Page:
by Dan Carlson
Deer seasons are wrapping up around the country and that means it’s time to collect your gear and begin planning for deer hunting in 2020. Those plans begin as you descend from your tree or clean up your blind to wrap up the current season. Sadly, many hunters don’t invest much time in caring for their gear now and end up regretting that decision next fall.
You’ve invested money in your deer stand and time in learning how to use it. With proper care it will last a lifetime. But as is the case with any piece of equipment, failure to properly maintain and care for your treestand can reduce its service life and even render it unfit for use.
The first step in post-season care is to remove your treestand from the tree. This may sound obvious but many hunters choose to leave treestands mounted in trees over several seasons. This could not only harm the tree as it grows, but can also weaken the treestand over time. I was discussing this with a fellow hunter last month and he told me he’s encountered treestands with two to three years of growth enveloping portions of the stand. This can easily happen if a hunter forgets where the stand was mounted, has a life experience that prevents him/her from hunting next year or doesn’t draw a tag the next season or two. As conservationists, we hunters have an obligation to manage forest resources responsibly so please take the treestand down.
Once you get the treestand home, perform routine maintenance. Closely inspect all cables and straps. Look for signs of wear, breakage and stretching. Replace any that concern you. Also inspect all screws and bolts for evidence of corrosion or loose components. Tighten any that need it. Be certain to check the stitching on all straps and harnesses as well.
Resist the urge to spray or rub oil, grease or other protecting lubricants on your treestand prior to storage in order to prevent rust. Millennium treestands are powder-coated to prevent corrosion and should only need a good rub down with a soft cloth prior to being put away. The problem with oils is their scent, which can work its way into hard-to-reach places and be difficult to remove. There’s a risk deer will smell it next fall.
Speaking of scent, many hunters have started using ozone-generating devices to deodorize clothing and hunting-related gear made of cloth or textiles. This is highly effective because the process attacks and neutralizes odors at the molecular level. Given the sensitive nature of deer noses, it can’t hurt to deodorize the seat components of your treestand. NOTE: Some materials are degraded by exposure to ozone, nylon being an example of one. Do not use ozone to deodorize straps or safety harnesses. Be sure to check on the textiles in your treestand to find out their compatibility with ozone, and it’s considered unwise to use ozone on climbing or sitting safety harnesses just to be on the safe side. If you don’t have an ozone generator, consider spraying down the seat and textile components of your gear with one of the many fine odor-suppressing/masking/eliminating products available where you buy hunting gear.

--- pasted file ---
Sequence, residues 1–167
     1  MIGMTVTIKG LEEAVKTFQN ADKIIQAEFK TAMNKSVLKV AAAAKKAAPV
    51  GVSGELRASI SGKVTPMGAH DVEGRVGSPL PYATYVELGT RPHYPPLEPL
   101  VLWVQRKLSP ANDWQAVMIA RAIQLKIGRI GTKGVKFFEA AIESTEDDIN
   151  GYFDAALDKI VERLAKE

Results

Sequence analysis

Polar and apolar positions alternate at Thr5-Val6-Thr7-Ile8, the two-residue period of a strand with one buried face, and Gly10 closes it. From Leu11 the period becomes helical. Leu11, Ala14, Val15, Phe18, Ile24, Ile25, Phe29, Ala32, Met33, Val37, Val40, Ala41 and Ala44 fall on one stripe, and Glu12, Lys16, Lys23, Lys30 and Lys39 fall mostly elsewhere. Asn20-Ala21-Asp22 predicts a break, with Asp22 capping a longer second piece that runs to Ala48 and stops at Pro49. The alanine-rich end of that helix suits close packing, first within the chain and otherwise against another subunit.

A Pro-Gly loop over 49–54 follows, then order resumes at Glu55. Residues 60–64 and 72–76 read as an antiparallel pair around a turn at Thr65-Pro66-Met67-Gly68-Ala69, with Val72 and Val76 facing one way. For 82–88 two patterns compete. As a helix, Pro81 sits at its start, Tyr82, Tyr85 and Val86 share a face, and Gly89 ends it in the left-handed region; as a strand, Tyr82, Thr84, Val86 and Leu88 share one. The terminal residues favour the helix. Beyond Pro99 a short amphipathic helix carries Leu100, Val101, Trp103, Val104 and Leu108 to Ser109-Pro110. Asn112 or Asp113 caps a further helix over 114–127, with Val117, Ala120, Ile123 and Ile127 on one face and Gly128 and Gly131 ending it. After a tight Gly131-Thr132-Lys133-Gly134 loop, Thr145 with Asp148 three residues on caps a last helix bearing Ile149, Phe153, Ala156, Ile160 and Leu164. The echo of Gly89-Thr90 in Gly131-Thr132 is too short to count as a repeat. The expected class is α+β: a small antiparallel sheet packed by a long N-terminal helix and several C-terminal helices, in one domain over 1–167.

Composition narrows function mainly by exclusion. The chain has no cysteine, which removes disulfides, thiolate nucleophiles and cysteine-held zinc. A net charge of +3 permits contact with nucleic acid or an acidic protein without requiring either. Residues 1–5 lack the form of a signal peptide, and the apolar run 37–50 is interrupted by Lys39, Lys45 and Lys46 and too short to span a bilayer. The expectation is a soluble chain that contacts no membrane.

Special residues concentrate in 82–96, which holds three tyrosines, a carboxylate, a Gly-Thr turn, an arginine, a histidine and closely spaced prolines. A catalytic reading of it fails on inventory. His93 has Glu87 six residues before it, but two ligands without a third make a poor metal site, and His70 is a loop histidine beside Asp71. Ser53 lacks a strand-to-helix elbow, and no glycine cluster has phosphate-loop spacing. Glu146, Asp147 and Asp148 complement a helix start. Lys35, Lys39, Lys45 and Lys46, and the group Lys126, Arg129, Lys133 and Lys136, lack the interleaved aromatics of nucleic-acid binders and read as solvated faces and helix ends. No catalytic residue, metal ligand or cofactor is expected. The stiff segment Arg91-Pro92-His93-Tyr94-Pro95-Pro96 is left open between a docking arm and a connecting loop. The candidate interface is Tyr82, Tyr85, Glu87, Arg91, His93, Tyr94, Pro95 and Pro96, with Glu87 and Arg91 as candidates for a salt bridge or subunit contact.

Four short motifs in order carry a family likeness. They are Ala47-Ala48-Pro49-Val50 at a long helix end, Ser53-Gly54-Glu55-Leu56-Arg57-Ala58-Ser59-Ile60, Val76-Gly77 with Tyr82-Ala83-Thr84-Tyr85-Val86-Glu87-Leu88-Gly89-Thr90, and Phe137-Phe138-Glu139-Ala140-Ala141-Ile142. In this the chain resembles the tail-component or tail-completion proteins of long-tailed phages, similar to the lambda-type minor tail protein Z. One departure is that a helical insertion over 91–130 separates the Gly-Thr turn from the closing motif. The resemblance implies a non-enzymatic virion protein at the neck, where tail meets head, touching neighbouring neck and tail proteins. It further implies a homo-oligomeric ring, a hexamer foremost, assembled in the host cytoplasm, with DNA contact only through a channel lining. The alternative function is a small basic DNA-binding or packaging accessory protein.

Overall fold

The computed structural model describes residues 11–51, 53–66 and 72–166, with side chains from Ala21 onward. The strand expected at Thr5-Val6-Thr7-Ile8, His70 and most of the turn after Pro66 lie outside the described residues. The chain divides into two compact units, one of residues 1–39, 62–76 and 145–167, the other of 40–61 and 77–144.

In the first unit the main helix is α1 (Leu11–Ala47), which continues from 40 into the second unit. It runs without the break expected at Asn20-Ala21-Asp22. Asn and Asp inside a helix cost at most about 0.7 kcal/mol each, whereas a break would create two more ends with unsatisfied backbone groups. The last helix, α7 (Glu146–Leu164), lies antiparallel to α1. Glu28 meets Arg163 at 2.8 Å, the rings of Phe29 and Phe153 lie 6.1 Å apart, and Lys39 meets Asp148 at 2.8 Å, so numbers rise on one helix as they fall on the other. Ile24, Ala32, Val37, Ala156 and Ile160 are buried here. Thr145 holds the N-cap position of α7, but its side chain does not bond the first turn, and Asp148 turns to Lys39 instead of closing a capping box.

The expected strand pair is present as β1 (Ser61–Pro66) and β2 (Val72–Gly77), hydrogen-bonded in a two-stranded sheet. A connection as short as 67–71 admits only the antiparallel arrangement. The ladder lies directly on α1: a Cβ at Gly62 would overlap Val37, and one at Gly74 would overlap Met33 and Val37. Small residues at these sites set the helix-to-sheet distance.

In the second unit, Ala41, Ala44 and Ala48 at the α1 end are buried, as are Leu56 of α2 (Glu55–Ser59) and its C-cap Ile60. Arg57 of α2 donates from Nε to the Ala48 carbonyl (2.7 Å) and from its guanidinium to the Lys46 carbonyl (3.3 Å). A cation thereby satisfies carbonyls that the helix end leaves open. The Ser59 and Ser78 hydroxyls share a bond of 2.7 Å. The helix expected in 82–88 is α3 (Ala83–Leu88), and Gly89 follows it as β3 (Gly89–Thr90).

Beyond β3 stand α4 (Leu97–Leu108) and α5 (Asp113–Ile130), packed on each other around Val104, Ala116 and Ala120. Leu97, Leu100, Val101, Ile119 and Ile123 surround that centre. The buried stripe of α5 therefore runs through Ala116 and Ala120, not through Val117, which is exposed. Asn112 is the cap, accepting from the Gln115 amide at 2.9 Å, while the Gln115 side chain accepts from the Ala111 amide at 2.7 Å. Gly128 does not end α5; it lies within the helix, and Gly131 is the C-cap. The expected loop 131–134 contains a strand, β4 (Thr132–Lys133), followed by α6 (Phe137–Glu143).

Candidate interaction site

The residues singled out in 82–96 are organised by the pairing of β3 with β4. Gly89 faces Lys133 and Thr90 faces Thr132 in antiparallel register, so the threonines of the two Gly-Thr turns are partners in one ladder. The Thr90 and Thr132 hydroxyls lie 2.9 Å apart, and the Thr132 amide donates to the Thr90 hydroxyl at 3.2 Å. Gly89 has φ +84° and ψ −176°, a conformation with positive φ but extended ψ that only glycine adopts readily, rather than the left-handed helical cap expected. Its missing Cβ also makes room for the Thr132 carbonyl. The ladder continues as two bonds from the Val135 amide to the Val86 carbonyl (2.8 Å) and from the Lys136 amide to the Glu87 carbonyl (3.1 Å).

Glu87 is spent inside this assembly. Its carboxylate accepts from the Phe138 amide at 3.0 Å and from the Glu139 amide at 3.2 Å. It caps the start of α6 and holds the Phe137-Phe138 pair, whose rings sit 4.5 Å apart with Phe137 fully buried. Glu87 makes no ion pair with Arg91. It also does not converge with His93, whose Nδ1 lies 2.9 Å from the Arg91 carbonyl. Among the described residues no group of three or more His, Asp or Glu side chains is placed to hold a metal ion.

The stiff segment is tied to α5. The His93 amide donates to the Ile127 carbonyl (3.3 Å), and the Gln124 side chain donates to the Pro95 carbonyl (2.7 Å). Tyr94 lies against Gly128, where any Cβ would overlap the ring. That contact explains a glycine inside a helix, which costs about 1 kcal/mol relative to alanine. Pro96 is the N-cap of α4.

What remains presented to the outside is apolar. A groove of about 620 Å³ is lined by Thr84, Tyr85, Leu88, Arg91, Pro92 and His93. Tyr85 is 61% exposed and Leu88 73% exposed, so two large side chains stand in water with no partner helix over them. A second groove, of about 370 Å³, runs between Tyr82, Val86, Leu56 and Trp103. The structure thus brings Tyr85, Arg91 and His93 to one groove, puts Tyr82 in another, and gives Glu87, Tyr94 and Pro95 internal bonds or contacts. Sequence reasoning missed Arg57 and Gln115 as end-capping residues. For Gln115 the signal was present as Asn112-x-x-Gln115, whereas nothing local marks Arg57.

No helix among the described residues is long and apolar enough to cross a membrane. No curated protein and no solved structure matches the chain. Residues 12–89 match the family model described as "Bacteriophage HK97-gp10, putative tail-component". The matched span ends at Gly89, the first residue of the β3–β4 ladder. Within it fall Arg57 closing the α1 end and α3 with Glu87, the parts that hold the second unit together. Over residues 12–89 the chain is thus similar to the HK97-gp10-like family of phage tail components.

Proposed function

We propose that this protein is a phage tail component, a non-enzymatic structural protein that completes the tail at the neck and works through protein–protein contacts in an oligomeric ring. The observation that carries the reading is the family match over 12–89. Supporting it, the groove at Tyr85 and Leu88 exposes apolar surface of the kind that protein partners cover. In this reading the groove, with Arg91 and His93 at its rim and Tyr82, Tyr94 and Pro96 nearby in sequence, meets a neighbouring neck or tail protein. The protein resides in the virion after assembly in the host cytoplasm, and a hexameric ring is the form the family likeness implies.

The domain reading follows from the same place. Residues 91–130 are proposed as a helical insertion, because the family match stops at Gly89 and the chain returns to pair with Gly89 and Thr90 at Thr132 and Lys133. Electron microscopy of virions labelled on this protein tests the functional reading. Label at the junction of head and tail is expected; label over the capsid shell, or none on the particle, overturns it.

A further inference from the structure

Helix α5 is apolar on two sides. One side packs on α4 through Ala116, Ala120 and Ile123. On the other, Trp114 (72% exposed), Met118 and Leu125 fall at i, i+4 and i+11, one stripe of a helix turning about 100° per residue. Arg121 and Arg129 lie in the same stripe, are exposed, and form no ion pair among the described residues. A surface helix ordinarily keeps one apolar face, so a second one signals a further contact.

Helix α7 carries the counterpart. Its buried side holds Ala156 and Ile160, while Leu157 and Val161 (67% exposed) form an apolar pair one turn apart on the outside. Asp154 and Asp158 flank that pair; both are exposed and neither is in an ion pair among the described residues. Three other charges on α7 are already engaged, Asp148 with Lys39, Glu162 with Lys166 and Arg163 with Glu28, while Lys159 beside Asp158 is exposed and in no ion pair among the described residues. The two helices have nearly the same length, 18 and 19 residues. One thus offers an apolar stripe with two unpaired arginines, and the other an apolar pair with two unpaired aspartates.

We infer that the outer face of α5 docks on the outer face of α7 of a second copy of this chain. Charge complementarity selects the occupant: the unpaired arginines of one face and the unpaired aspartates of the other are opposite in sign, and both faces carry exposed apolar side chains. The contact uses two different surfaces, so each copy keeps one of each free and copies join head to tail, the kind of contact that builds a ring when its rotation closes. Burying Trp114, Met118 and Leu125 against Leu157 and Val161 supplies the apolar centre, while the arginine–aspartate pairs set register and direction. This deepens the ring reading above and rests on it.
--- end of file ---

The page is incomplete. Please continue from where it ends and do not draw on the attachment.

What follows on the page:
Another way to mask any odors accumulated by your treestand during the season is to store it in a bag or container with fresh-cut cedar boughs. This will infuse your stand with the smell of cedar but that should be okay in most hunting environments as it doesn’t seem to spook game.
Don’t store your treestand outside and unprotected. All manner of undesirable things can happen between seasons such as pets urinating on it, accumulations of scents from surrounding activity such as automobiles and lawnmowers, and inevitable degradation from exposure to UV-rays from the sun. There’s also the threat of damage from rodents and insects outside.
If possible, avoid storing your treestand in the garage unless you put it in an airtight container. The garage hosts a variety of scents game associates with humans such as gas, oil, exhaust, pet smells, weed killers and fertilizer. And rodents have also been known to get into garages where treestands are just another thing for them to gnaw on.
The best options for treestand storage during the off-season months are the basement of a home or a well-constructed storage shed free of rodent activity, moisture and chemical smells. Even in these areas, wrapping the treestand or keeping it in a designated container are preferable to leaving them out.
Hopefully, this blog post has served as a reminder of things to consider as your deer season winds down. It’s always prudent to remember that a little work and preventive maintenance now can prevent a lot of frustration and disappointment next hunting season.